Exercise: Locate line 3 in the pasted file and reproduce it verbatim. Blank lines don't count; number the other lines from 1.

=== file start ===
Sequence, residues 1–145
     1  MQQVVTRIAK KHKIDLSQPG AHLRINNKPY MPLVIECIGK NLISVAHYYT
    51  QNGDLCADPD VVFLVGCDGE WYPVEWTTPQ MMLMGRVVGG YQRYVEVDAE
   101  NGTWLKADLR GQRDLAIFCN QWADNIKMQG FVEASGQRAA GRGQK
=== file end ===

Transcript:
    51  QNGDLCADPD VVFLVGCDGE WYPVEWTTPQ MMLMGRVVGG YQRYVEVDAE